Sunday, May 23, 2010

M6A2ae: Proportional Relationships (3)

M6A2. Students will consider relationships between varying quantities.
a. Analyze and describe patterns arising from mathematical rules, tables, and graphs.
e. Graph proportional relationships in the form y = kx and describe characteristics of the graphs.

In the previous post, we analyzed the ways two quantities that are in a proportional relationship using a table. Today, we want to look at the idea of analyzing proportional relationships - and identifying features that are unique to proportional relationships - using graphs. So, let's consider one of the relationship we talked about last time:

When you graph this set of data, it will look like this:

Since these quantities are both continuous quantities, we can actually connect the data points using a line (actually a ray):

Let's compare this graph to graphs of three other situations. The first one is the siblings' ages.

The second situation is the candle situation: the length of candles burned and the length of the remaining candle.

The last case is the length and the width of rectangles with a fixed area measurement.

Since the first situation involves the discrete quantities - and since I don't know how to graph the curve for the last one, I am just going to plot these data points.

When you compare these graphs to the graphs of the proportional relationship from earlier, you immediately notice that the graph of the inverse proportional situation isn't a straight line. However, the other three situations seem to result in straight lines. Although it is not really appropriate to use a line to represent the siblings' ages data with a straight line, I'm going to do so to illustrate the similarities and differences - and I'm showing all three lines on the same coordinates.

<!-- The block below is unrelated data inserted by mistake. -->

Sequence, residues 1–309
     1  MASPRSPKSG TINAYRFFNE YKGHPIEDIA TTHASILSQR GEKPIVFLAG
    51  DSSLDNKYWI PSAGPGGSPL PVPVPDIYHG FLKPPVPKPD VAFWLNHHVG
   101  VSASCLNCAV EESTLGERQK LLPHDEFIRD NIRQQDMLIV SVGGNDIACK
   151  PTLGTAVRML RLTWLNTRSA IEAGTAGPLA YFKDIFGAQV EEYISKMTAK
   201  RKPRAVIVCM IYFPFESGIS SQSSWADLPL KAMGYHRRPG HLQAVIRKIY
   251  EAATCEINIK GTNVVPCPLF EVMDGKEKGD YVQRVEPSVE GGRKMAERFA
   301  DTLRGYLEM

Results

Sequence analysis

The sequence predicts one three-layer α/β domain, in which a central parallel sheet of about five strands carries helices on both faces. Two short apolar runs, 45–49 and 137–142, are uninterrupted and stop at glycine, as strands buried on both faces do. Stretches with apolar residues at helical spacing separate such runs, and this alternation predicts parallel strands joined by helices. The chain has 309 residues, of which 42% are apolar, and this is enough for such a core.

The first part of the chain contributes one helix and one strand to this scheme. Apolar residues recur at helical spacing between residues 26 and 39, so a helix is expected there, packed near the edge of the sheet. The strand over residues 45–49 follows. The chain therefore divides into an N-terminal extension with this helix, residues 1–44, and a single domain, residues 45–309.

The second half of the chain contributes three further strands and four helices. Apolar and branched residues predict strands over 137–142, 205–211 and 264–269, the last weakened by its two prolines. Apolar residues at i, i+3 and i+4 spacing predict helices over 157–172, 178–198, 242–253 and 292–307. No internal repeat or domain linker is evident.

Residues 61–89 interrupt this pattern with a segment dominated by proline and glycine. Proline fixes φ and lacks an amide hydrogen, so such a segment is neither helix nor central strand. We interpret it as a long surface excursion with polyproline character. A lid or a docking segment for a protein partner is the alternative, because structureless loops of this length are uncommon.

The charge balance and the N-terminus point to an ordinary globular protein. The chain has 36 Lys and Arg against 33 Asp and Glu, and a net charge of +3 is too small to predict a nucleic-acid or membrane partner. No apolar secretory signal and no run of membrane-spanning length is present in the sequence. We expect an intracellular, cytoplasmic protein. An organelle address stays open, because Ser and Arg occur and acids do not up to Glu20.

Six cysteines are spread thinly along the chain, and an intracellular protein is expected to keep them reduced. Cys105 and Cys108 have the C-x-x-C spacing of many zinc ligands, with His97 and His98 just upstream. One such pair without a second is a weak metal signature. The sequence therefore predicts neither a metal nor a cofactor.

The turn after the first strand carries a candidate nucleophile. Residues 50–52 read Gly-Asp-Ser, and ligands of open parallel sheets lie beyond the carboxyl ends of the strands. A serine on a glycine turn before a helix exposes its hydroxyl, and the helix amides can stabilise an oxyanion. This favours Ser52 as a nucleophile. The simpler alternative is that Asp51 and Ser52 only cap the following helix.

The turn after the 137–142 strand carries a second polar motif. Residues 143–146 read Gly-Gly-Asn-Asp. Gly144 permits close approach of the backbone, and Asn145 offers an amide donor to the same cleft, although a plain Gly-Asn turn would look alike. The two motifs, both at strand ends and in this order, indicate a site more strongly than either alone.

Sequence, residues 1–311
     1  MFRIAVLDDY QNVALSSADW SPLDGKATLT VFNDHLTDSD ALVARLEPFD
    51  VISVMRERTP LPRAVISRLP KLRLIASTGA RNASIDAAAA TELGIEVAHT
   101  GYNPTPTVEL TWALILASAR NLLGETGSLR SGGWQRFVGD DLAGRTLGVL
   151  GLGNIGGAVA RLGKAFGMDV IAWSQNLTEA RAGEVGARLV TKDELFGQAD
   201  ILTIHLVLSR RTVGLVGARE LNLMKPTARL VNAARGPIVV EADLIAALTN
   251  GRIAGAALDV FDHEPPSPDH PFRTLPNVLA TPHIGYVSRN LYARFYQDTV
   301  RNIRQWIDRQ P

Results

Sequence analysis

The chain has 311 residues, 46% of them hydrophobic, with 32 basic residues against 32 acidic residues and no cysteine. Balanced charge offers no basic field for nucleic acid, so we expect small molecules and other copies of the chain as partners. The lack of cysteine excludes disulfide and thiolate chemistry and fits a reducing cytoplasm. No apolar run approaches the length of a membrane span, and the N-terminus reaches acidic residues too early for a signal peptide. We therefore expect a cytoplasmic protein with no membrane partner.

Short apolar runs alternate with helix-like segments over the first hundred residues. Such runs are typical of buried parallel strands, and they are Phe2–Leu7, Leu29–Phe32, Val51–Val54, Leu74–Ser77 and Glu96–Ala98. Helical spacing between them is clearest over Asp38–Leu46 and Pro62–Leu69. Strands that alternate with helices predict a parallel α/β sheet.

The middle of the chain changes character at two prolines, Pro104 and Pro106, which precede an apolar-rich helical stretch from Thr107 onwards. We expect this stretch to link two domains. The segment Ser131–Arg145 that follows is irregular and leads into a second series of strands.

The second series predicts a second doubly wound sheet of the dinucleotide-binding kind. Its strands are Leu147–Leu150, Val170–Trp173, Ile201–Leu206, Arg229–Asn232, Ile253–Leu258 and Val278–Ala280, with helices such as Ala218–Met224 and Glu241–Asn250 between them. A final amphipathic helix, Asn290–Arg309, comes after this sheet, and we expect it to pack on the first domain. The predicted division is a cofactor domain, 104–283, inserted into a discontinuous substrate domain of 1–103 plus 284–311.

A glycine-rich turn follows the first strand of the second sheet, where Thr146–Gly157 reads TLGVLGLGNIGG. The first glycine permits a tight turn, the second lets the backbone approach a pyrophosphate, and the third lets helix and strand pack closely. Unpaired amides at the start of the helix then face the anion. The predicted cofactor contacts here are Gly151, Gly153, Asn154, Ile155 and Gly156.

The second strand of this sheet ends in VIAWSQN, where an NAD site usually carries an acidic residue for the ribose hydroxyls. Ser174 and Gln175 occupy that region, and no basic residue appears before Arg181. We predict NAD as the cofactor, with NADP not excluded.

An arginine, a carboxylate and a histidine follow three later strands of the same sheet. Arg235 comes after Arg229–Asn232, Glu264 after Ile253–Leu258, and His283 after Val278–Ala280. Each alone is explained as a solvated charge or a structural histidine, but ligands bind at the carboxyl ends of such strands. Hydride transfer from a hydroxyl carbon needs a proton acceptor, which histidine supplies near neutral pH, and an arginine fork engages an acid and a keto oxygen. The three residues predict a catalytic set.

From these graphs, we noticed that one difference seems to be that the graph of the proportional situation goes through the origin, but not the other two. As it turns out this is indeed unique to proportional situations. The other two cases, constant sum and constant difference situations, result in a straight line. One commonality among the three situations is that the rate of change is constant. Thus, the characteristic of the data sets that are represented in straight lines. I think this might be an idea that is worth discussing explicitly in Grades 7 and 8 when linear equations/functions are studied more formally.

By the way, the fact that the graphs of proportional relationships go through the origin relates to the fact that double number lines we use to represent multiplication and division situations are "hinged" at 0 - in other words, both quantities will go to 0 at the same time. In fact, proportional relationships are assumed in all multiplication and division situations. In middle grades, that fact should become explicit instead of being an implicit assumption.

No comments:

Creative Commons

Creative Commons License
Elaboration of Georgia Performance Standards by Tad Watanabe is licensed under a Creative Commons Attribution-NonCommercial-ShareAlike 3.0 Unported License.